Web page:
Studies that address the state of health of the non-religious in both secular and religious societies would answer that question. Unfortunately; ample evidence of mob violence, blasphemy punishment, and other mental and physical persecutions historical and current; makes it painfully clear that being secular in heavily religious cultures, whether harmful to long term health, can present immediate, catastrophic health threats.



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  • I imagine there’s a lot of stress, living as an atheist in the bible belt of the USA or Franco’s Spain. It wouldn’t surprise me if the religious were healthier as a result. (Though if atheists have to live undercover, it’s moot as to how you would gather the figures to reach any kind of scientific conclusion.)

    Conversely, in some countries it’s normal to be an atheist and you’re regarded as odd if you’re overtly religious. The health benefits would presumably swing the other way (though being regarded as oddly religious in Norway doesn’t create quite the same level of stress as being regarded as an atheist in Bangladesh).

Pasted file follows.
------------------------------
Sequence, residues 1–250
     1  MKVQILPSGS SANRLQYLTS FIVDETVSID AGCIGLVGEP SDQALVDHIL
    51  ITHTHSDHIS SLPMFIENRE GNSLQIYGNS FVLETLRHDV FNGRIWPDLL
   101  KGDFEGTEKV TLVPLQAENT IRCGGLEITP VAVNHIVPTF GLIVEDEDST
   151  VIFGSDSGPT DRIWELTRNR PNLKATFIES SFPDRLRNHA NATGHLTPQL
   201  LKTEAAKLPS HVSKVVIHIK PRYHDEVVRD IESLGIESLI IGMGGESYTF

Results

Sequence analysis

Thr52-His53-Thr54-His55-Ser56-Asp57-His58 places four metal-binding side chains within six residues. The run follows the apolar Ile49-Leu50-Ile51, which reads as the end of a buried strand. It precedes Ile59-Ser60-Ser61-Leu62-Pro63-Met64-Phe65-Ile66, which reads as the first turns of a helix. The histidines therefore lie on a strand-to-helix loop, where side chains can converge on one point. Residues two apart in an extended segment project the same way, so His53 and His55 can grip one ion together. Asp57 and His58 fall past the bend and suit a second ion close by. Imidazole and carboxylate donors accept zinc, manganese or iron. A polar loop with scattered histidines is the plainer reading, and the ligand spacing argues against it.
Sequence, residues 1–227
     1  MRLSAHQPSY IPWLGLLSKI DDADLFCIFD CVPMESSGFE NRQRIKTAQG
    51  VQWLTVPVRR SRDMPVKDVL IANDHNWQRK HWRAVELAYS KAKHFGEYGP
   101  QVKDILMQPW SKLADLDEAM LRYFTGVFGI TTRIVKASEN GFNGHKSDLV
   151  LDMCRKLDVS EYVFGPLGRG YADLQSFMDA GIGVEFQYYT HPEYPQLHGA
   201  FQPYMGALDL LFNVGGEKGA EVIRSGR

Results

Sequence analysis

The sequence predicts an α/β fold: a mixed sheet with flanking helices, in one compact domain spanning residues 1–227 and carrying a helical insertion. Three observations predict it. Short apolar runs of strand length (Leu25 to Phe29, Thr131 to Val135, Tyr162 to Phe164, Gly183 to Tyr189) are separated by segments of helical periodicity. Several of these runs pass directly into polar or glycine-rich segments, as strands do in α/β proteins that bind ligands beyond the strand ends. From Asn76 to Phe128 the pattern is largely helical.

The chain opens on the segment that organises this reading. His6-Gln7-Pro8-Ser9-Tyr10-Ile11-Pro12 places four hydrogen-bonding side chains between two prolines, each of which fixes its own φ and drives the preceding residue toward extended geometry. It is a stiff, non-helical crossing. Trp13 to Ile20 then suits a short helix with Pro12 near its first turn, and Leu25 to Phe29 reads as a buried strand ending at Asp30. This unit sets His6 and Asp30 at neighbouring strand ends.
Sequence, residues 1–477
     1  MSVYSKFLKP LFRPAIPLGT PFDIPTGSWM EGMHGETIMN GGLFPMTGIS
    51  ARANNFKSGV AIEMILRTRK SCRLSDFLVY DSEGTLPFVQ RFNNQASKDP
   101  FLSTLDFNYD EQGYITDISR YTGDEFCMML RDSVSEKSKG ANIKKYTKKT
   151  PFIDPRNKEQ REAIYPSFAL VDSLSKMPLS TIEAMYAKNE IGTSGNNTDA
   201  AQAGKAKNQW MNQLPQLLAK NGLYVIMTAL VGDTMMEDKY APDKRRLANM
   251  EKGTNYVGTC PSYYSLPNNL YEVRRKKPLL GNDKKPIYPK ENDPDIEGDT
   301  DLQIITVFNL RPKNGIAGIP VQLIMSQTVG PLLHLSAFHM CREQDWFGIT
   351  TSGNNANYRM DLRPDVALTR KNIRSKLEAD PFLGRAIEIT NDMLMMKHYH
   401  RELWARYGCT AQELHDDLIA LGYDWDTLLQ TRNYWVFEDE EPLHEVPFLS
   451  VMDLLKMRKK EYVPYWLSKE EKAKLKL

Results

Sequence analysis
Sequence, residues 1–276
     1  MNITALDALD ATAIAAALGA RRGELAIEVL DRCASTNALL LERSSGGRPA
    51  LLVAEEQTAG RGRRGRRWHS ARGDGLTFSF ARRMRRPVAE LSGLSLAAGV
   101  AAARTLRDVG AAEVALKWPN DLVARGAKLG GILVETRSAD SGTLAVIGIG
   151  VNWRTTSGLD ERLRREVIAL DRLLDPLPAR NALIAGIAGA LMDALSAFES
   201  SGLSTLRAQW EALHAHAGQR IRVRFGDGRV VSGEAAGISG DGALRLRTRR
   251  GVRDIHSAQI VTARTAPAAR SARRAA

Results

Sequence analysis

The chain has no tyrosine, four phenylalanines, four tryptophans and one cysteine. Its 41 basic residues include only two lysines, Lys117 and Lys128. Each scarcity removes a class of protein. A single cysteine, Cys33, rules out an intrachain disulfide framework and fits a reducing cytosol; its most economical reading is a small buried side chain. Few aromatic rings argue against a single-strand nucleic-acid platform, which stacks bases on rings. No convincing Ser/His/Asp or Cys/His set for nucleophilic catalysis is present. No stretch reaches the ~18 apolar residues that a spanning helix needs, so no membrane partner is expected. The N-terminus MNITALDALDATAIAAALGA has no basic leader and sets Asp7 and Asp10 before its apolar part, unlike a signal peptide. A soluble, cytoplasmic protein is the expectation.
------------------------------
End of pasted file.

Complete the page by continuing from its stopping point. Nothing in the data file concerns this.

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  • The “stress” for nonbelievers (and wrong believers) in religious societies is so well documented that it’s a global human rights issue. This is one kind of evidence pertaining their physical well being:

    Human Rights for Atheists, Agnostics and Secularists

    Worldwide punishment for nonbelief, blasphemy and apostasy

    End Blasphemy Laws

    Conversely, in some countries it’s normal to be an atheist and you’re regarded as odd if you’re overtly religious.

    Odd, but still free to be so, no whipping, hacking, chopping, stoning, lynching, throwing off the roof or jailing involved.